Croydon makes headway on carbon neutrality target with Home Energy Efficiency Programme – Newsroom
Croydon is launching a new green homes programme to help save residents money on their energy bills by making their properties greener and more energy efficient.
Through the Minimum Energy Efficiency Standard programme, the council will help make Croydon a better and greener place to rent by supporting and advising private landlords to increase energy performance certificate ratings.
An energy performance certificate (EPC), which tells you how energy efficient your home is, sees an independent inspector provide a grade from A through G.
The council has recently adopted its first Carbon Neutral Action Plan, and set an ambitious target to reach carbon neutrality by 2030. By improving EPC ratings in more properties, Croydon seeks to address domestic heating and electricity usage, which currently makes up 46% of CO2 emissions in the borough.
Currently, the council is in the process of identifying properties that fall below the legal minimum energy efficiency standard. So far, it has already identified 1400 properties in Croydon with an EPC rating of F and G. Heating, insulation, and other factors can lead to low EPC ratings, and very low ratings can lead to properties not legally being allowed to be let and penalties of up to £4000.
By working with these landlords, the council can help them avoid penalties, keeping more homes compliant, meanwhile bringing down home energy costs for renters and landlords alike.
This programme is part of a wider set of home energy efficiency initiatives, including the council’s successful Croydon Healthy Homes scheme, which offers free support to low-income and vulnerable residents to help reduce their fuel bills and make their home more energy efficient.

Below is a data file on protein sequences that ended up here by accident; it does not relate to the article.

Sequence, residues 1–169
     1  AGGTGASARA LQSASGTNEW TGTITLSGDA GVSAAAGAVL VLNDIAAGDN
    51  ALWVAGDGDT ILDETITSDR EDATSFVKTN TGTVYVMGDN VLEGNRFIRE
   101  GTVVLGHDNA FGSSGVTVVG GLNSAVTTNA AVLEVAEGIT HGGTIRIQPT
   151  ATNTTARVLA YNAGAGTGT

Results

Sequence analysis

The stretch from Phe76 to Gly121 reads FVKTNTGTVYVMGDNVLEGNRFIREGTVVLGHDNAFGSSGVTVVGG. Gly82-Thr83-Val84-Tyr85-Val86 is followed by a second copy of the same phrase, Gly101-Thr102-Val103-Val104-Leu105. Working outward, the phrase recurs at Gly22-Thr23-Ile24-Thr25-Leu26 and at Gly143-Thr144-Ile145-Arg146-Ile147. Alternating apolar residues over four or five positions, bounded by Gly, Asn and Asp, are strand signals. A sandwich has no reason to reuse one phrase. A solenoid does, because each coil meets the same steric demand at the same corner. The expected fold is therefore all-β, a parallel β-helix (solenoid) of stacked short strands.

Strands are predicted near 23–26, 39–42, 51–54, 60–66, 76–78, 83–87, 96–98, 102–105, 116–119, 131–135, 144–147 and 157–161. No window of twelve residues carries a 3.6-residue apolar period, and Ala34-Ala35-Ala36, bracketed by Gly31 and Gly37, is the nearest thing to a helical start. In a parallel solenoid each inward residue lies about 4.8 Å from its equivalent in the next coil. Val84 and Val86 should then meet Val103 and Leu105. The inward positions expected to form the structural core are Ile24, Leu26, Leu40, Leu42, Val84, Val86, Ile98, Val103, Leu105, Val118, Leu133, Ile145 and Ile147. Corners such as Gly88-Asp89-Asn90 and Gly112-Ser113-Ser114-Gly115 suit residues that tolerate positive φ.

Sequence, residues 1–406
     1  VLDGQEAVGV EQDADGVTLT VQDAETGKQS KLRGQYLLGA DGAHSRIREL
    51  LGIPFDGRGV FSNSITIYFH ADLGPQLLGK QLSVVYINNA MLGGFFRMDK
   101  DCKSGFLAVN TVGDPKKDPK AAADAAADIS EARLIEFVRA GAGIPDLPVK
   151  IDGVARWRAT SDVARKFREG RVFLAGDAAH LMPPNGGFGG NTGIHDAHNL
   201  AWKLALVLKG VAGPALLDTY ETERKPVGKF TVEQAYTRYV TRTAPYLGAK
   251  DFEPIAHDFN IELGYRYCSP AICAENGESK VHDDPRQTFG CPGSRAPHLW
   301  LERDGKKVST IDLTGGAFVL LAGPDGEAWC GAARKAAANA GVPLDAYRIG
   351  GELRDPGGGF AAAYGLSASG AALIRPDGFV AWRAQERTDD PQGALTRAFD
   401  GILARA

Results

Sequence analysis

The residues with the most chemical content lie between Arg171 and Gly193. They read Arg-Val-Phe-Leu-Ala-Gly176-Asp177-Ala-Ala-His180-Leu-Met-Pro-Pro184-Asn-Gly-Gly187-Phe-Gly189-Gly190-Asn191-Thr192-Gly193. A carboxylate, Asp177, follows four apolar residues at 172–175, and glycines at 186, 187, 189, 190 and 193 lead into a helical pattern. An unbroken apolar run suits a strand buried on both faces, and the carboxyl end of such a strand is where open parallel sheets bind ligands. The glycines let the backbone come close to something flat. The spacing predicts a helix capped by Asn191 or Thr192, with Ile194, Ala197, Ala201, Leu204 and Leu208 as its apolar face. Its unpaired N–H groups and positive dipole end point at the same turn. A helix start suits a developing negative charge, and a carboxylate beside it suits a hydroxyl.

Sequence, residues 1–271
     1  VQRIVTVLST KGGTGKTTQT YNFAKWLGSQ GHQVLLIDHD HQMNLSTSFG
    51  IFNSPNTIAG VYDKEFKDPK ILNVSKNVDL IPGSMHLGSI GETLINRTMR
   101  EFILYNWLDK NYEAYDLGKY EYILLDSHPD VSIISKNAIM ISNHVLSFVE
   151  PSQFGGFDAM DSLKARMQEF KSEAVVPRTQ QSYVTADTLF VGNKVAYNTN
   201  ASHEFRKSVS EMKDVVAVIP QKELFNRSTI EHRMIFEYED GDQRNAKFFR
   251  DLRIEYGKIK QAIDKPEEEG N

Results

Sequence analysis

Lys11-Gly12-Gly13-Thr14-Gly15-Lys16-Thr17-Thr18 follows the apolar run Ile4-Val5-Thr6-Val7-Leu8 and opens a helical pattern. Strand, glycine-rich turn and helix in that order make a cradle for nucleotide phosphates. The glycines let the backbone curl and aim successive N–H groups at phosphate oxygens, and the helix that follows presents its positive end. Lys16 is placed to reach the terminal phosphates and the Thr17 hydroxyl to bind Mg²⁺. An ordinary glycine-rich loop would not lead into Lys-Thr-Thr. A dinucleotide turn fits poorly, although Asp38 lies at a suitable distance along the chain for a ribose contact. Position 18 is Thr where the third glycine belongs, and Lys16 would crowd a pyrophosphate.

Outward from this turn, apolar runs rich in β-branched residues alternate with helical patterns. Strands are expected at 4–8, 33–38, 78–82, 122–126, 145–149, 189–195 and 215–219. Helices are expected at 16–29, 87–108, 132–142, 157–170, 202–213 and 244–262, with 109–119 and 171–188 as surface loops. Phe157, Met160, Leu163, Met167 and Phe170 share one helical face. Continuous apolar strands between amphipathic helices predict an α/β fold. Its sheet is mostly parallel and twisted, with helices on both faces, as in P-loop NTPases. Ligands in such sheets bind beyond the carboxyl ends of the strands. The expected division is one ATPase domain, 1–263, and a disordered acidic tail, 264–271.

The service offers tenants and homeowners advice and support accessing external grants from the government and energy companies to insulate their homes and improve the energy efficiency of their property. They also provide support on using heating systems more efficiency, ways to reduce overall energy usage, as well as advice about tariffs and payment methods, smart meters, and more.
On just some of their smaller initiatives, Croydon Healthy Homes has saved an estimated 74 tonnes of CO2 emissions between 2018 – 2020, supporting 828 households.
The council has recently brought this service in-house, recruiting a team of qualified energy advisors to offer a more joined-up, flexible approach to addressing fuel poverty. The team will be working closely with other council services and the voluntary community sector. Croydon will be ramping up the scheme this year offering an improved service, tailored to individual household needs.
“We have set a target for Croydon to reach carbon neutrality by 2030, and home energy consumption is the most significant contributor to CO2 emissions in the borough, so we must do everything in our power to bring those numbers down. If we can get a majority of the properties we have already identified to meet or exceed the minimum energy standard, it will be a major step toward our goal.
“This is also about affordability – if too many properties fail their EPC rating in Croydon, that will take them off the market and drive rent costs up. Inefficiency is also costing tenants money on their increasingly high fuel bills – leading to fuel poverty – so it is deeply beneficial to provide as much support as we can to families, all while reaching our climate goals.”
Councillor Muhammad Ali, cabinet member for sustainable Croydon
The council’s own housing stock has an average EPC rating of C. Where individual properties fall below a C, the council is working to improve these properties as part of its asset management strategy.
To learn more about Croydon’s Carbon Neutral Action Plan and sustainability initiatives, visit the council website.